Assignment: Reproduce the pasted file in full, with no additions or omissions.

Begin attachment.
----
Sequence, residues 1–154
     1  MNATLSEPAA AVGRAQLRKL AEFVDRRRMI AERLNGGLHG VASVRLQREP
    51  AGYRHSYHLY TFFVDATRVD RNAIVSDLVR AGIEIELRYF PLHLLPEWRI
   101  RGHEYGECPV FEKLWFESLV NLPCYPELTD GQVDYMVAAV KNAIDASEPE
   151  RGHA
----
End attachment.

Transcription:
Sequence, residues 1–154
     1  MNATLSEPAA AVGRAQLRKL AEFVDRRRMI AERLNGGLHG VASVRLQREP
    51  AGYRHSYHLY TFFVDATRVD RNAIVSDLVR AGIEIELRYF PLHLLPEWRI
   101  RGHEYGECPV FEKLWFESLV NLPCYPELTD GQVDYMVAAV KNAIDASEPE
   151  RGHA